Involuntary manslaughter is the unlawful killing of another human being without intent. The absence of the intent element is the essential difference between voluntary and involuntary manslaughter. Also in most states, involuntary manslaughter does not result from a heat of passion but from an improper use of reasonable care or skill while in the commission of a lawful act or while in the commission of an unlawful act not amounting to a felony.
Generally there are two types of involuntary manslaughter: (1) criminal-negligence manslaughter; and (2) unlawful-act manslaughter. The first occurs when death results from a high degree of NEGLIGENCE or recklessness, and the second occurs when death is caused by one who commits or attempts to commit an unlawful act, usually a misdemeanor.
Although all jurisdictions punish involuntary manslaughter, the statutes vary somewhat. In some states, the criminal negligence type of manslaughter is described as gross negligence or culpable negligence. Others divide the entire offense of manslaughter into degrees, with voluntary manslaughter constituting a more serious offense and carrying a heavier penalty than involuntary manslaughter.
Many statutes do not define the offense or define it vaguely in common-law terms. There are, however, a small number of modern statutes that are more specific. Under one such statute, the offense is defined as the commission of a lawful act without proper caution or requisite skill, in which one unguardedly or undesignedly kills another or the commission of an unlawful act that is not felonious or tends to inflict great bodily harm.
Criminally Negligent Manslaughter A homicide resulting from the taking of an unreasonable and high degree of risk is usually considered criminally negligent manslaughter. Jurisdictions are divided on the question of whether the defendant must be aware of the risk. Modern criminal codes generally require a consciousness of risk, although, under some codes, the absence of this element makes the offense a less serious homicide.
There are numerous cases in which an omission to act or a failure to perform a duty constitutes criminally negligent manslaughter. The existence of a duty is essential. Since the law does not recognize that an ordinary person has a duty to aid or rescue another in distress, an ensuing death from failure to act would not be manslaughter. On the other hand, an omission in which one has a duty, such as the failure of a lifeguard to attempt to save a drowning person, might constitute the offense.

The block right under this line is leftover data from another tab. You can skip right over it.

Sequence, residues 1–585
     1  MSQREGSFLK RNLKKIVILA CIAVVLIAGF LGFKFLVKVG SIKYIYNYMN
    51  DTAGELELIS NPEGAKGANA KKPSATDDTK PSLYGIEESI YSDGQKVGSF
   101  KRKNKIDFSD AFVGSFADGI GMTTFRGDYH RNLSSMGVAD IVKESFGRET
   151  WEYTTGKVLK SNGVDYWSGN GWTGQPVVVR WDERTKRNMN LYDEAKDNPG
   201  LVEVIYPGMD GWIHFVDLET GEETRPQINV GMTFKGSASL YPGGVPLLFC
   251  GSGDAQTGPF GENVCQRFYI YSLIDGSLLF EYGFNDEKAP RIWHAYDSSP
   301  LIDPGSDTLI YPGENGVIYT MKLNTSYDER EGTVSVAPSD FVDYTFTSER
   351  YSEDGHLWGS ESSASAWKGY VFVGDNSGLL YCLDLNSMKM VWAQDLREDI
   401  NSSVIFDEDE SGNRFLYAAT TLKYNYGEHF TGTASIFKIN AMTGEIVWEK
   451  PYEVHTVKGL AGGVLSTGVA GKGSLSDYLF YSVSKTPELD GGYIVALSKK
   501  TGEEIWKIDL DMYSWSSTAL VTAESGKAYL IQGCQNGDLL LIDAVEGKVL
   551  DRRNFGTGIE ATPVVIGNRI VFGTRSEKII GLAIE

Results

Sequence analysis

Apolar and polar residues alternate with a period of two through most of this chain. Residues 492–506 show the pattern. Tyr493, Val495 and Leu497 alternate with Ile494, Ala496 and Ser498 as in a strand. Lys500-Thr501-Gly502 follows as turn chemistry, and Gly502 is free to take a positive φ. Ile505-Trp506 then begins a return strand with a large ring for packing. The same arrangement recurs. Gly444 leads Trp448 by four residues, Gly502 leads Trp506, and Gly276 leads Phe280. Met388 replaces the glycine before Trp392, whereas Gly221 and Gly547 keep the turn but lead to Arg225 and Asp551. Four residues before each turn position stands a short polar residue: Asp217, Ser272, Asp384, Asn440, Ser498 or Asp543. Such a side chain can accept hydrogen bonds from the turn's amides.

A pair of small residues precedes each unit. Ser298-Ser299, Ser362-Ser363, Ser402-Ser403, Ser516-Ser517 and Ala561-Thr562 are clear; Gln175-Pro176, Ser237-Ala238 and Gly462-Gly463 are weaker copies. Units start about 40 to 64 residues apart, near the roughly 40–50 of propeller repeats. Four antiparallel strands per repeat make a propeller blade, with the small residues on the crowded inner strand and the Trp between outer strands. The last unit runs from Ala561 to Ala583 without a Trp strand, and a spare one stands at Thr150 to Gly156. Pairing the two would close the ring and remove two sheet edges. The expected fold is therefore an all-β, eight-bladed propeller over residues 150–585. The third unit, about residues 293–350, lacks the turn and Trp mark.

When the failure to act is reckless or negligent, and not intentional, it is usually manslaughter. If the omission is intentional and death is likely or substantially likely to result, the offense might be murder. When an intent to kill, recklessness, and negligence are present, no offense is committed.
In many jurisdictions, death that results from the operation of a vehicle in a criminally negligent manner is punishable as a separate offense. Usually it is considered a less severe crime than involuntary manslaughter. Although criminal negligence is an element, it is generally not the same degree of negligence as that which is required for involuntary manslaughter. For example, some vehicular homicide statutes have been construed to require only ordinary negligence while, in a majority of jurisdictions, a greater degree of negligence is required for involuntary manslaughter.
Unlawful-Act Manslaughter In many states, unlawful-act manslaughter is committed when death results from an act that is likely to cause death or serious physical harm to another person. In a majority of jurisdictions, however, the offense is committed when death occurs during the commission or attempted commission of a misdemeanor.
In some states, a distinction is made between conduct that is malum in se, bad in itself and conduct that is malum prohibitum, bad because prohibited by law. In these states, the act that causes the death must be malum in se and a felony in order for the offense to constitute manslaughter. If the act is malum prohibitum, there is no manslaughter unless it was foreseeable that death would be a direct result of the act. In other states that similarly divide the offense, the crime is committed even though the act was malum prohibitum and a misdemeanor, especially if the unlawful act was in violation of a statute that was intended to prevent injury to other persons.